Now Justyn seizes the opportunity to point out the prophetic passages regarding Messiah.  He reminds Tryphon that believers in Jesus are denounced in the Jewish synagogue in the twelfth benediction of the Shemona Esreh. (In his days the text was: "To the apostates let there be no hope, and the kingdom of pride do Thou quickly root out in our days.  And let the Nozrim (Nazarenes) and the Minim perish as in a moment.  Let them be wiped out from the Book of Life." (Berakhot 19: a).

   Justyn then shows that the believers in Jesus are the true followers of Moses and the Prophets.  This he finds in Genesis 49:10, "The scepter shall not depart from Judah, nor the lawgiver from between his feet until Shiloh comes, and unto him shall the gathering of the peoples be." He finds confirmation also in Jeremiah 31:31-34 which prophesies about the New Covenant.  He supports the pre-existence and the Divinity of Messiah with Genesis 1:26 (Let us make man in our image...).  He supports the supernatural birth of the Messiah with Isaiah 7:14.  This leads to a lengthy discussion as to whether the Septuagint was correct in translating, "Behold the Virgin. ... parthenos)" or that it should be translated, "Behold the young maiden. ... (neanis)."

   Messiah is "the Stone cut out without hands" of Daniel 2:34; hence, in a midrashic manner, Justyn explains that the circumcisions by "knives of stone" in Joshua 5:2 suggest the Stone which is Messiah Jesus.

   Tertulian, C.E. 200, in his discussion with Jewish people introduced the additional proof, that Messiah is to be the light to the nations according to Isaiah 10:11; 42:4; and 49:6 and says, "We see that the prophecies that the nations should hear him are already being fulfilled, even to the very ends of the earth including the parts of Britain unreached by Rome." (Lukyn Williams, Adversus Judaeus 1935, Cambridge).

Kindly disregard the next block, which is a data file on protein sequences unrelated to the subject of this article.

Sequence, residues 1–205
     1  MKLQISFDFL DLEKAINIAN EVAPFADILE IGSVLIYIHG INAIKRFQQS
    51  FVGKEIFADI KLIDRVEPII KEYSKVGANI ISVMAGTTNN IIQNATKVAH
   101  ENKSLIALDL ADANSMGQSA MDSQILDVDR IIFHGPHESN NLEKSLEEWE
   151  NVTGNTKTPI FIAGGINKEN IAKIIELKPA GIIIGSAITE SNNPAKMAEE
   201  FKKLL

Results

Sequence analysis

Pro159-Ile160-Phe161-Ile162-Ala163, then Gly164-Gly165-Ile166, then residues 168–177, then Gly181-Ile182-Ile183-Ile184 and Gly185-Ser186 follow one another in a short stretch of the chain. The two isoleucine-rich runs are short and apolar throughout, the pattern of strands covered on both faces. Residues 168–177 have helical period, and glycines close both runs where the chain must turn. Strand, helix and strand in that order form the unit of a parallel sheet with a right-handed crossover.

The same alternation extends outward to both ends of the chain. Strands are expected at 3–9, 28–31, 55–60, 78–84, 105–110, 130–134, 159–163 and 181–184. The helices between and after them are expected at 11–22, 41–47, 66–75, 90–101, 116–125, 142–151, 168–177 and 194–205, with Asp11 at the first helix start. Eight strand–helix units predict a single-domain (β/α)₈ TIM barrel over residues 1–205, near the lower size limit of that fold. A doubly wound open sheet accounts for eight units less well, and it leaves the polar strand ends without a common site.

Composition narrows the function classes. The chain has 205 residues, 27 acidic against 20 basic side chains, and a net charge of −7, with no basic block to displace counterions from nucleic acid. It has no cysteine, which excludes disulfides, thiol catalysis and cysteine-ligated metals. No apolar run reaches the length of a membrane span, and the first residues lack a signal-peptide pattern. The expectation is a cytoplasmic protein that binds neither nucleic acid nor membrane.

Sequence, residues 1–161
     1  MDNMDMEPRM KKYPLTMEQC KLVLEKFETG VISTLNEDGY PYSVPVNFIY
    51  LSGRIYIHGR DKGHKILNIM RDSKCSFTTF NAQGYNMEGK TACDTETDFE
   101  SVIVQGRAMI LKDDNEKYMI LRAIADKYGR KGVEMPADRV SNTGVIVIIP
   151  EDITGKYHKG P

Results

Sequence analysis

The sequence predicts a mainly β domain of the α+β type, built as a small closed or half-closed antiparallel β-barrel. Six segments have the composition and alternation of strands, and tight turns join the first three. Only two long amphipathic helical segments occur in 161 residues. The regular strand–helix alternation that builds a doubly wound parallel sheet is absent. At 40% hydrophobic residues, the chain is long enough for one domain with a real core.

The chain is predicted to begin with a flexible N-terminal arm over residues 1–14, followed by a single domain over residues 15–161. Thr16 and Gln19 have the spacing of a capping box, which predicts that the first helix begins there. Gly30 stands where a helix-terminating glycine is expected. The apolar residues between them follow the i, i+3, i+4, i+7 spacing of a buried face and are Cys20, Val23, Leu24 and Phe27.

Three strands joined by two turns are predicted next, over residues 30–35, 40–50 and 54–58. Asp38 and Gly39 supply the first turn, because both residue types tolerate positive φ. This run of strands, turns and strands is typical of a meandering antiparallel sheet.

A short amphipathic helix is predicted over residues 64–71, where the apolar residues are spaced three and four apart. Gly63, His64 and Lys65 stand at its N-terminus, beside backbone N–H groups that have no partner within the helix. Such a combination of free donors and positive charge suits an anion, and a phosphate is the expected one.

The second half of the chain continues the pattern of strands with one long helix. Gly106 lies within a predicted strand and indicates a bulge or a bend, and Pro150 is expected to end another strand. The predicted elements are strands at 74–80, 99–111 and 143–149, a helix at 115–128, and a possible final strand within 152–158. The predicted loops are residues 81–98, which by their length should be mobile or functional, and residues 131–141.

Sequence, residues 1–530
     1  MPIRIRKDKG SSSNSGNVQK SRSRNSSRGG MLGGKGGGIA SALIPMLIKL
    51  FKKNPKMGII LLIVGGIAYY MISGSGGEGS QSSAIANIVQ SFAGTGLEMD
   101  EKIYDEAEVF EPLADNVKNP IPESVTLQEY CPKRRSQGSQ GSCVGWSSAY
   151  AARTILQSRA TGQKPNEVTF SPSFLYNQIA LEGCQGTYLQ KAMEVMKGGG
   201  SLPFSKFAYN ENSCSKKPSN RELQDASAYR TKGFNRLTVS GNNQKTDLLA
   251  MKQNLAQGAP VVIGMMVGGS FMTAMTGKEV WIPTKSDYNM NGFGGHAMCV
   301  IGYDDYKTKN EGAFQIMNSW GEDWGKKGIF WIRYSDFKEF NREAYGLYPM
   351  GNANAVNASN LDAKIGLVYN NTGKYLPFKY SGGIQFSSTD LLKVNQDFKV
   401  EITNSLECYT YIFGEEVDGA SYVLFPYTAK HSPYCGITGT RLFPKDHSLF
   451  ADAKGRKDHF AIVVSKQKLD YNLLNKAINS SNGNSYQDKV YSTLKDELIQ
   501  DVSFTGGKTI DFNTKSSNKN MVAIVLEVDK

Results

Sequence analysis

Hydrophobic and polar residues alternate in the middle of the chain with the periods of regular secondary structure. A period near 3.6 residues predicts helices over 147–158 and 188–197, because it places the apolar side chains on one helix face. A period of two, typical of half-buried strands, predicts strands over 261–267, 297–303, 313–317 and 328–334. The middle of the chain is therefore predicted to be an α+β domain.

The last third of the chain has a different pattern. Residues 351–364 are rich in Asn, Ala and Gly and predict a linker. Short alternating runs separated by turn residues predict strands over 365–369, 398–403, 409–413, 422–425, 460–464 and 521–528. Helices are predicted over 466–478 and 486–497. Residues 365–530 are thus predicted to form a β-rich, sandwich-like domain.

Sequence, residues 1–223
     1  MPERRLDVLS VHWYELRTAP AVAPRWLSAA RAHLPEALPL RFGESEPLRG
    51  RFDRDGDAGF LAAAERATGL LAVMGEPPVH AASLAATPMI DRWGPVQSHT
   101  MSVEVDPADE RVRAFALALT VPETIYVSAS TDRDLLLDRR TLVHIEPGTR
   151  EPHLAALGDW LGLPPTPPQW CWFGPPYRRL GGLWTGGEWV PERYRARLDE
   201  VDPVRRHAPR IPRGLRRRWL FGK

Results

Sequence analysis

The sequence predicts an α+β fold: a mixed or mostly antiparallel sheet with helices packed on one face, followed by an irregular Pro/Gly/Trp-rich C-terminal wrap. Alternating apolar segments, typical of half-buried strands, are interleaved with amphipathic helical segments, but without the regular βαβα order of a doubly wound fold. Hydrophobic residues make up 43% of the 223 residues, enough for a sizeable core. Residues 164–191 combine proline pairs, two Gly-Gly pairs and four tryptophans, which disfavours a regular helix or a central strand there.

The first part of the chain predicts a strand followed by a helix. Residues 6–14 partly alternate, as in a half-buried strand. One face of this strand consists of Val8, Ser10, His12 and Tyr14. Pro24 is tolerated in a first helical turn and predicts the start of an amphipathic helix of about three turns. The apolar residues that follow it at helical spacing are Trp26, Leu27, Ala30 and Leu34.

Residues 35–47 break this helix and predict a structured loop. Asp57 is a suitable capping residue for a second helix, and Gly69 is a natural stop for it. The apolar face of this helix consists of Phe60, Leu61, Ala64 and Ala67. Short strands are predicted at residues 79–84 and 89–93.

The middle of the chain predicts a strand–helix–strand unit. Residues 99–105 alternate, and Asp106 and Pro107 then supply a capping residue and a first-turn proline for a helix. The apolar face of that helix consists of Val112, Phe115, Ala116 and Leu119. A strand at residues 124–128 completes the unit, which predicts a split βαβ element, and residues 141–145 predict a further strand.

Conclusion   Believers in Jesus took seriously their Lord's command to be witnesses to the end of the earth, but "first to the Jew" and "beginning in Jerusalem" (Acts 1:8; Romans 1:16).  To support their witness they had a risen Messiah, prophecies in the Hebrew Scriptures, and the historical facts that followed Messiah's resurrection.  The rabbis' counter arguments did not even satisfy their own disciples, therefore they resorted to strengthening the wall of partition between those who believed in Messiah Jesus and those who did not.  This could not go on forever and so especially to-day we see the walls, erected so artificially, crumbling before our own eyes, and again thousands of Jewish people, especially the young and the intellectual, are finding their joy, salvation, and satisfaction in Messiah Yeshua.


Reprinted with permission of The Messianic Literature Outreach